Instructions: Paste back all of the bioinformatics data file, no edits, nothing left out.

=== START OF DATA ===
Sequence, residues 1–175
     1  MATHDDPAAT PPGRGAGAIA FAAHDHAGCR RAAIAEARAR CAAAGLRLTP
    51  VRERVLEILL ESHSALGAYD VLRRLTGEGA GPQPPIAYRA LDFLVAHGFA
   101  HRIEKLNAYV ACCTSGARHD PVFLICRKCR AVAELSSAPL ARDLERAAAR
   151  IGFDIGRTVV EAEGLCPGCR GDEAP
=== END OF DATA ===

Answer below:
Sequence, residues 1–175
     1  MATHDDPAAT PPGRGAGAIA FAAHDHAGCR RAAIAEARAR CAAAGLRLTP
    51  VRERVLEILL ESHSALGAYD VLRRLTGEGA GPQPPIAYRA LDFLVAHGFA
   101  HRIEKLNAYV ACCTSGARHD PVFLICRKCR AVAELSSAPL ARDLERAAAR
   151  IGFDIGRTVV EAEGLCPGCR GDEAP